Rural

Rural

Sunday, February 26, 2012

Ash Wednesday Identity

For the western church, this past Wednesday was Ash Wednesday. It is the day that marks the beginning of the liturgical season of Lent. Lent is a season of preparation for Easter. It begins 40 days before Easter (not including Sundays). Lent is a time set aside to focus on the suffering and sacrifice of Christ. It is characterized by repentance and may include such practices as fasting and other spiritual disciplines.

Many churches commemorate Ash Wednesday with a service focused on repentance. The service itself is usually quiet and solemn, in keeping with the theme of repentance. It frequently culminates with people going forward and the pastor or worship leader making the sign of the cross on each person’s forehead with ashes. As the leader does this, she might say something like “repent and believe the gospel.” Or sometimes he will say “remember that you are dust and to dust you will return.”

Repentance is nothing other than turning from one direction and heading in the opposite direction. It is dying to self and rising with Christ. A change of direction that includes a change of allegiance.

The service I attended was in the morning so I walked around the whole day with this peculiar looking black mark on my head. Several times I had a polite person let me know that I had smudged myself and might want to take care of it.

But of course I did not want to remove the mark. Throughout my day, each time I caught a glimpse of myself in the mirror, I was reminded of who I am.

Better yet, I was reminded of who I was and who I am in Christ.

And I was reminded that this acknowledgement of my identity is a process.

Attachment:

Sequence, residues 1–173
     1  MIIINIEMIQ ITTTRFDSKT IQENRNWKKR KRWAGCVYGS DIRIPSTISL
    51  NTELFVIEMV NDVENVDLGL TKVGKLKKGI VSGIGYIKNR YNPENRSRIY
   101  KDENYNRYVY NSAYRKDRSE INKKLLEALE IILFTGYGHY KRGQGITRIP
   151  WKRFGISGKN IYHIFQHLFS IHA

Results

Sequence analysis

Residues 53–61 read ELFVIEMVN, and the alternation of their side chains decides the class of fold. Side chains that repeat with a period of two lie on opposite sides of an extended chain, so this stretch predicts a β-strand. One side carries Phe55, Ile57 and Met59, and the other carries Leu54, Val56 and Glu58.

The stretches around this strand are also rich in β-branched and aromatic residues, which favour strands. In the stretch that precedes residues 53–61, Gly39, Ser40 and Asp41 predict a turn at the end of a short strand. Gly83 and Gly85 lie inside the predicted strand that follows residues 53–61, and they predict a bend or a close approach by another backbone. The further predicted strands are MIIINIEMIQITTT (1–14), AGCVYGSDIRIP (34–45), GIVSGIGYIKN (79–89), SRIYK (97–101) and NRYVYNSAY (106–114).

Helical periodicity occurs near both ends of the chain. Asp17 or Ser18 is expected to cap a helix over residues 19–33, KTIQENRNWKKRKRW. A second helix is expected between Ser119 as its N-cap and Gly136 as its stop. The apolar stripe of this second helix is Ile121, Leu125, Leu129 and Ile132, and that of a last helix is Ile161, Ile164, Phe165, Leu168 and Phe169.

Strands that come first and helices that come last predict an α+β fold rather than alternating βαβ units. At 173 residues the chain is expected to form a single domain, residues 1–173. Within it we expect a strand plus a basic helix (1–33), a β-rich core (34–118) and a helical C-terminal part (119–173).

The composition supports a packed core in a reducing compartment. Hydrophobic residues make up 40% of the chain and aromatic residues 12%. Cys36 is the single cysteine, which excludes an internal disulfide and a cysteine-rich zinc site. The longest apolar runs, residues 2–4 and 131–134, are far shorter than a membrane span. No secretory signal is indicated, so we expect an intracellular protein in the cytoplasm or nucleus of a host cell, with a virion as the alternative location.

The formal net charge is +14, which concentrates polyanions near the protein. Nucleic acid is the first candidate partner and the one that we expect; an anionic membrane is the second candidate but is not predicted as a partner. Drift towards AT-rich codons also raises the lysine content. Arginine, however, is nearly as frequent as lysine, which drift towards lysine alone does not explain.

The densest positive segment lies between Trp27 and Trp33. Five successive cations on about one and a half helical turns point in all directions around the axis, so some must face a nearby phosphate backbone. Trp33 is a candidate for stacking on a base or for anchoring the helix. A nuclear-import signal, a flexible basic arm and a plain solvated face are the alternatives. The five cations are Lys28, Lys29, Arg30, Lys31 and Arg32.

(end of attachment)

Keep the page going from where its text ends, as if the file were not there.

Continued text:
I have been adopted by God in Christ. As with any adopted child, I must let go of my old identity and begin to live into my new identity. Or, to put it slightly differently, I must put to death my old self, the self that is attached to sinful practices, and I must put on my new self, the resurrection-life self given to me by Christ. This life is a gift of sheer grace, but a gift that is also a task. As the great German theologian Karl Barth wrote, “When one is called to discipleship, one abandons oneself resolutely and totally.”

That sounds so easy in some ways. Until I start looking at all the habits and practices that I need to let go of. Until I begin to see the loyalties and loves that compete with what should be my ultimate love: God.

This dying is not for the faint-hearted.

But dying and rising is the rhythm of the Christian life. Dying and rising is what Christian identity is all about. Ash Wednesday is nothing other than a focused time of what we should be practicing all the time: dying to self and rising to new life in Christ.

This is our true identity. This is who we are in Christ.

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